Overall, the mean (SD) participant age was 28.3 (12.4) years (age range, 18-71 years). Most participants (61.0%) were young women aged 18 to 25 years, 22.0% were 26 to 40 years old, and 16.9% were older than 40 years. More than 40% of the participants reported no income, and most had completed at least high school. Approximately half of the participants (46.3%) were members of sororities. Users of STPs were younger than nonusers (26.9 years vs 29.7 years, P = .05) and were more likely to belong to a sorority (53.7% vs 39.3%, P = .004).
Most of the women were fair complected (very white and white), and more than half burned at least sometimes after 30 minutes of direct sunlight exposure without sunscreen. We categorized study participants' self-reported skin colors into 3 groups. Because the Fitzpatrick skin type scale uses characteristics that we did not collect (eg, eye color, hair color, and length of time for a tan to develop), we did not use this scale. However, the categories that we used closely approximate the Fitzpatrick scale as follows: very white/freckled (Fitzpatrick types I and II, 16.9%), white and white to olive (Fitzpatrick types III and IV, 68.1%), and brown, dark brown, and black (Fitzpatrick types V and VI, 15.0%). For the sake of brevity, we subsequently refer to these skin color categories as light, medium, and dark complected, respectively. Users of STPs were more likely than nonusers to perceive themselves as having lighter skin color (light or medium complected) (95.5% vs 75.1%, P < .001). They also sunburned more easily than did nonusers; 64.6% of STP users reported sometimes to always burning after 30 minutes of exposure to direct sunlight compared with only 48.9% of nonusers (P = .001).
Fifteen participants (3.6%) reported having had at least 1 skin cancer in the past: 11 reported a history of basal cell carcinoma, 1 a history of melanoma, and 1 a history of “other type of skin cancer” but did not report the type. Two participants reported a history of more than 1 type of skin cancer, 1 with melanoma and basal cell carcinoma and the other with melanoma, basal cell carcinoma, and squamous cell carcinoma. Three additional participants indicated a history of “other type of skin cancer” but wrote “atypical moles” or “AK” for type; thus, they were excluded from the analysis as having had skin cancer. Compared with nonusers, STP users were more likely to have had at least 1 skin cancer in the past (5.0% vs 2.3%, P = .03).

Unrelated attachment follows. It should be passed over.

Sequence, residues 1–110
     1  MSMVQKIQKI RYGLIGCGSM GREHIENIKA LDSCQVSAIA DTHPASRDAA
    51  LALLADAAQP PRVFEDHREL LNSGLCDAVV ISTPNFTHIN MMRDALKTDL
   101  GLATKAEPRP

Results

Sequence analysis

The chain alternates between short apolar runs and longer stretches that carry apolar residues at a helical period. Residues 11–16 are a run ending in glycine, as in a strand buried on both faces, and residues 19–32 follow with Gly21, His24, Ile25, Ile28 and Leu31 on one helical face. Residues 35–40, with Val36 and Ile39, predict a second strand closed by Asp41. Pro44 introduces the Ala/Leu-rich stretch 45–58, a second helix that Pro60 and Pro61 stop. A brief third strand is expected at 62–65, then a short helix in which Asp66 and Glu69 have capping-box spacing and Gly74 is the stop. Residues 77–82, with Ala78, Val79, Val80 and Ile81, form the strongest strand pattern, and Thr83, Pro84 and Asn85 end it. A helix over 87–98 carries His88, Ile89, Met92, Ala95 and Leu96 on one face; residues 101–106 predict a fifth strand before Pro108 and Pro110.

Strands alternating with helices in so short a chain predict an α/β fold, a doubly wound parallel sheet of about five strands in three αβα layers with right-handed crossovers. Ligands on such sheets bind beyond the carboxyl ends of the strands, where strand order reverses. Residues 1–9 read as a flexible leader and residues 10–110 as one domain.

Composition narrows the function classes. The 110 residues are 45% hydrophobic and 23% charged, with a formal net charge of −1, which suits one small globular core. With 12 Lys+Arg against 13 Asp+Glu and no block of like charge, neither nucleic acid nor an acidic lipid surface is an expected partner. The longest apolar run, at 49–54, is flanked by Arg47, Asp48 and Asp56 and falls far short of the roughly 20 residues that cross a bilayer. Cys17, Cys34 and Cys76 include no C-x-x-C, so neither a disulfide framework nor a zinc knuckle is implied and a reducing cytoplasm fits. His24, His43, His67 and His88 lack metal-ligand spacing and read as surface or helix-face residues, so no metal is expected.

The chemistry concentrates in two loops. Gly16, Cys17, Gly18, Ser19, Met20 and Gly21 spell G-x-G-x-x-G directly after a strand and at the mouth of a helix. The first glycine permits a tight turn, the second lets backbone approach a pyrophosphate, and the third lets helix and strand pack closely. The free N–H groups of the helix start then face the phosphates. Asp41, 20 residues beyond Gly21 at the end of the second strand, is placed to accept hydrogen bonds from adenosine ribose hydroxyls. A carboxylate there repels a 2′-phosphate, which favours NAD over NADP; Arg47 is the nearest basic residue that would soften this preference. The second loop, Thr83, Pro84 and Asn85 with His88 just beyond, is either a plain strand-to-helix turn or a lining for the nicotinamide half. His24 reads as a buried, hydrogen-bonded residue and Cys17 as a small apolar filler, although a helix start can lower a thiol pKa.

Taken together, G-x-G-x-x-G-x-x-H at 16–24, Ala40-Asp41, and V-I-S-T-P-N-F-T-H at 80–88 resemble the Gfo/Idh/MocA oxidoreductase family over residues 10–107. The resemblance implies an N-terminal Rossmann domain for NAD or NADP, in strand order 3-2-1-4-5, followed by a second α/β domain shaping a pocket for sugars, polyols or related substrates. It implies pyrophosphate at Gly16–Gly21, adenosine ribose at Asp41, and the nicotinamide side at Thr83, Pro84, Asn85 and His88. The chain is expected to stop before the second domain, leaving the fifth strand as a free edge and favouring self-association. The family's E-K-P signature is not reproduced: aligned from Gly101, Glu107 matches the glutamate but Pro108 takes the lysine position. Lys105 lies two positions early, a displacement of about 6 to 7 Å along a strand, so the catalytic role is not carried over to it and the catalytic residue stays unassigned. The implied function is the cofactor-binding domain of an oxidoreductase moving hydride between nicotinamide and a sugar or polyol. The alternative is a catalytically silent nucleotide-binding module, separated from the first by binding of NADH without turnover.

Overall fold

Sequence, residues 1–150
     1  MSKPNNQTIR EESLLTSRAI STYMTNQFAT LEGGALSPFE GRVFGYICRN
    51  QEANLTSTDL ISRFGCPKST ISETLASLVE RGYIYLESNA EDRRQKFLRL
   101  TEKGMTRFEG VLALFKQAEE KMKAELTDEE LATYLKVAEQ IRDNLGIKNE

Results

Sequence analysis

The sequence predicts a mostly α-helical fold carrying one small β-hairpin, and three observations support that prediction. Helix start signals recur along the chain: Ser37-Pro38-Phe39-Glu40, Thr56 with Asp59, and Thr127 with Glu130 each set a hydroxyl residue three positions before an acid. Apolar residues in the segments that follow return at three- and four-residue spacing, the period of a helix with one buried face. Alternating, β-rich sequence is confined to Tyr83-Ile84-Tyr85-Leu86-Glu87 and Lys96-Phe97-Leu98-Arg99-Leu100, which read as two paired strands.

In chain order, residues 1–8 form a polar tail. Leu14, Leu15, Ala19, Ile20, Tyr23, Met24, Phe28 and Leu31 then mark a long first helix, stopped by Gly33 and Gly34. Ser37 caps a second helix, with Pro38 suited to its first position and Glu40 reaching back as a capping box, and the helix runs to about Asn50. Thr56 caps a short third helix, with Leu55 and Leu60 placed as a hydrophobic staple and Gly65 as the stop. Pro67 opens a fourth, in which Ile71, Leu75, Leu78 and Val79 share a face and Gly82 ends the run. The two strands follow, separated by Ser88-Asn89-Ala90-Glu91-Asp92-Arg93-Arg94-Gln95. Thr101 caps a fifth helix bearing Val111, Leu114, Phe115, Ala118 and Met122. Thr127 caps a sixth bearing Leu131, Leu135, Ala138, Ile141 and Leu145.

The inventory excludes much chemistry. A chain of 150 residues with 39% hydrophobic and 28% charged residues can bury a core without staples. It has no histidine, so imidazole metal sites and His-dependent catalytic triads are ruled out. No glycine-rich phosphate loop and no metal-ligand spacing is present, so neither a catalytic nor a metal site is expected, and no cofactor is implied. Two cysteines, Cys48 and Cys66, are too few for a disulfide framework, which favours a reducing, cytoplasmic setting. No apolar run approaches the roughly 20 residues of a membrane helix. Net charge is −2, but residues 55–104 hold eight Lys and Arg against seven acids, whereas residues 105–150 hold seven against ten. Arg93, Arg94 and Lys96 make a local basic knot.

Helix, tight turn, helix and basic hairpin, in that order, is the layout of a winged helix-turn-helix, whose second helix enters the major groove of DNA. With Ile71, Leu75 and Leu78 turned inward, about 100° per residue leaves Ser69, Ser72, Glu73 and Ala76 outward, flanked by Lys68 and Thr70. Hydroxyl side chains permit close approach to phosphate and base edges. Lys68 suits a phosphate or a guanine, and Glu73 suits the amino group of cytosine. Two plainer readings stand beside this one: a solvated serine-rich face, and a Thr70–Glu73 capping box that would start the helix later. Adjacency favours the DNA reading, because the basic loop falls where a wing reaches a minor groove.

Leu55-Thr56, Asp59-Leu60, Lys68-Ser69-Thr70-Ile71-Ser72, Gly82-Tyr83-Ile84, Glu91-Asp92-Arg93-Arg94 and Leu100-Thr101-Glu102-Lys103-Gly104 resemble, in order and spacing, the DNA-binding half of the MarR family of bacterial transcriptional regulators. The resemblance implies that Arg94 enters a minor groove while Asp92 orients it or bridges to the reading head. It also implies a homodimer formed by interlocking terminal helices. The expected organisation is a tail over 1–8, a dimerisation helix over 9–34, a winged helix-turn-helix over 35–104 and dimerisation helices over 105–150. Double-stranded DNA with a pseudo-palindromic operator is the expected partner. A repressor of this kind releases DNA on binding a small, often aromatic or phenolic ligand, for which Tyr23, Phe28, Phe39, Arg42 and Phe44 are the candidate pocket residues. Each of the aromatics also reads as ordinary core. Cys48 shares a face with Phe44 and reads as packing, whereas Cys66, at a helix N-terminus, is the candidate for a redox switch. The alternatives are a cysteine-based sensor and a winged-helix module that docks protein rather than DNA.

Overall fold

Participants reported their opinions regarding tanned skin (Table 2). Most participants (92.7%) believed that tanned skin is sometimes to always more attractive than untanned skin, and 79.2% reported sometimes to always feeling better about themselves when tan. Users of STPs were more likely than nonusers to believe that tanned skin is more attractive (97.0% vs 88.7%, P < .001) and to feel better when tan (92.5% vs 66.7%, P < .001).
Almost half the participants (48.4%) had used STPs at least once in the past year. Most STP users had used self-applied STPs most of the time; only 9.0% had used professionally applied STPs most of the time. Use of STPs was observed among all ages: 53.6% of 18- to 25-year-olds, 40.7% of 26- to 40-year-olds, and 41.4% of those older than 40 years.